With all the rhetoric about what’s wrong with education today and how to fix it, there is no shortage of opinions and perspectives about raising the test scores that demonstrate student achievement. Our students will need to compete globally in the sciences and engineering fields, so STEM-based instruction and Next Generation Science Standards are taking the stage next to Common Core language arts and math. Technology has made it possible for us to learn and communicate in ways we never thought possible even ten years ago, and it’s almost impossible to find an educational plan that doesn’t include the phrase “21st century skills.”
And yet, from assessment and accountability to standards and research-based instructional strategies, reformers are debating long and hard about what our teachers should be doing differently so that our students have the necessary exit scores to compete in a global society.
Meanwhile, back in the classrooms, teachers everywhere are doing everything short of tap dancing on the tables to engage students, help them think for themselves, discover solutions to problems, and be able to demonstrate their learning on the high-stakes tests that determine the effectiveness of the system.
Therein lies the disconnect for me. Are we preparing kids to solve real-world problems, investigate and experiment possible solutions, collaborate with others and communicate their learning? Or are we preparing them to deliver the right answers and produce test scores?
I’m skeptical that the “right answer” approach allows for the kind of complex, open-ended exploration and experimentation that our current real-world problems require, not to mention the fact that we don’t even know what many of the next real-world problems will be yet.
If we are trying to prepare kids for real-world problem solving, measuring that preparedness with bubble sheets is a bit like measuring rice with a colander.
I’ve taken my share of tests, but my successes or failures in the “real world” aren’t linked back to any single or collective performance on those bubble sheets. Before you get all excited, I’m not suggesting that we do away with assessments. There are fundamental skills, facts, and data points that students must have in order to form a foundation for advanced learning. I believe there should be academic standards and a measure in place for students just as they’ll have performance expectations and evaluative measures in the business world.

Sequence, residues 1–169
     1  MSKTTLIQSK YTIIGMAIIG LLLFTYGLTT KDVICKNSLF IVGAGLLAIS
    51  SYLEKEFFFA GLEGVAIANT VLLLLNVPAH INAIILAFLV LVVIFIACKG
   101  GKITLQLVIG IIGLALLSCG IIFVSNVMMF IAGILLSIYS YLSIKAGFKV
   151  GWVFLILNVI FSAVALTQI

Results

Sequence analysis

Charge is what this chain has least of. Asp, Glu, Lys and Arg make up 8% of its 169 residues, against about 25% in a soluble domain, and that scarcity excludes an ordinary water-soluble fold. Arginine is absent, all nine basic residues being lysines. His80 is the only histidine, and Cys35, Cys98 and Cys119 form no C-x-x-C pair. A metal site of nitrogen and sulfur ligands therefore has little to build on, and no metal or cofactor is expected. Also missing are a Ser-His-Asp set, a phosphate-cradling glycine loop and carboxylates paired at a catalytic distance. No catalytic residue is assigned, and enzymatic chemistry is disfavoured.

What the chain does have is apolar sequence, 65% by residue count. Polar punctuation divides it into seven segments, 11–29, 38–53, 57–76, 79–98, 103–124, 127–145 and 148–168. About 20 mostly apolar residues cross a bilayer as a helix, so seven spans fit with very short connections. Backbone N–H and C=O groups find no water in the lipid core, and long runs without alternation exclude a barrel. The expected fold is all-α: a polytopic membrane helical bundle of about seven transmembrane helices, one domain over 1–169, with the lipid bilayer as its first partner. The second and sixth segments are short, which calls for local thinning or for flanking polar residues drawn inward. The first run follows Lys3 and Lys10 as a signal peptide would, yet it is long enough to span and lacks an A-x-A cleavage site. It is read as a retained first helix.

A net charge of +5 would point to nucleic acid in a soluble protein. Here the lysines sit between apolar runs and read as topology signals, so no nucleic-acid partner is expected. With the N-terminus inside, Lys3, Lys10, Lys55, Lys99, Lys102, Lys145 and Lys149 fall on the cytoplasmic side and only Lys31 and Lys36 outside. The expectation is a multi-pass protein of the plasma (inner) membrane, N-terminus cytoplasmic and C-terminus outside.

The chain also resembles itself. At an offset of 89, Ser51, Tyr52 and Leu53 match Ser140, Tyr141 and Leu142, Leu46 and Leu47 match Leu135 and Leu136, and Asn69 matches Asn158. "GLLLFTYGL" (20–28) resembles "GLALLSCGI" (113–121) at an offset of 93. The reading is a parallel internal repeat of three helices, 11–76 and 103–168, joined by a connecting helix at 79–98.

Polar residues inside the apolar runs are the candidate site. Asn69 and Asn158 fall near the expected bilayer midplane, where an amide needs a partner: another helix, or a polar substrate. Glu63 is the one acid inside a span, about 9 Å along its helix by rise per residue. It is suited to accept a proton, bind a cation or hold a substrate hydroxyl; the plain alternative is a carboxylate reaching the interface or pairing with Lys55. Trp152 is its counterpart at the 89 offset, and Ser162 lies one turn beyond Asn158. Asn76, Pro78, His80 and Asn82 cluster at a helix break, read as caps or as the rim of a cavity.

All I’m suggesting is that the challenges we face in our professional lives are rarely as simple as choosing the right answer, and most will agree that our professional growth in the real world has little to do with a standard evaluation process. Real life is more complicated than that.
My professional path has largely been shaped by the experiences I’ve gained searching out and considering other perspectives from colleagues and mentors, exploring solutions to problems that didn’t have an apparent or obvious answer, communicating in many different ways with many different types of people, and learning from a lot of things that didn’t work.
The most meaningful and impactful experiences are rooted in our own natural curiosity – a personal, passionate yearning to find out what, why, or how something works or could work better. Throw in a little trial and error so that we can actually learn from our mistakes. Those are the meaningful learning experiences that shape our growth and contribute to the development of our cognitive backpacks – at age 5 or at age 50. Those are the kind of experiences that simply cannot be measured by a scantron machine.
Let’s be honest, kids aren’t curious about the right answer. They may want to producethe right answer to get the grade, but there really is no intrinsic value to getting the right answer. The philosophers among us could debate the intrinsic value of education all day long (and I’d love to participate in that conversation), but where does innate curiosity fit into standards, assessment, compliance, and all the research-based strategies in pursuit of the data streams that prove or disprove that learning is actually happening?
Kids are innately curious about why things work and how things work and what might happen if… I can hear the cynics out there. “Curiosity? How do you measure that? How many people have landed a job based upon their level of curiosity?”
But, isn’t curiosity the basis for understanding, creativity, and critical, innovative thinking? Isn’t curiosity the foundation for all meaningful learning? Real, authentic learning is nurtured by our curiosity and manifested in the information we actively seek out, in what we read, write, discuss, and think about.
Former Canadian astronaut, Chris Hadfield once said, “To me, science is just formalized curiosity. A way of figuring something out when I don’t understand it.” That really resonates in a profoundly powerful yet simple way.
Another relevant thought that comes to mind is that of Albert Einstein. “It is a miracle that curiosity survives formal education.” Curiosity is the very basis for education, and it appears that we are slowly killing it with our focus on binary measures of learning.
If we are going to focus on the “right answer” method rather than the kind of innovative and critical thinking skills necessary for authentic, meaningful learning in the 21st century, we’ll do it at the expense of curiosity.
You might also enjoy reading 11 Things to Remember to Keep Your Passion for Teaching.
Dr. Melissa Hughes is the President and Founder of The Andrick Group. Melissa specializes in growing our capacity to learn as well as employee engagement, effective communication strategies, and the unique dynamics of the multi-generational workforce. Having worked with learners from the classroom to the boardroom, she incorporates brain-based research, humor, and practical strategies that impact how organizations think, learn, communicate and collaborate.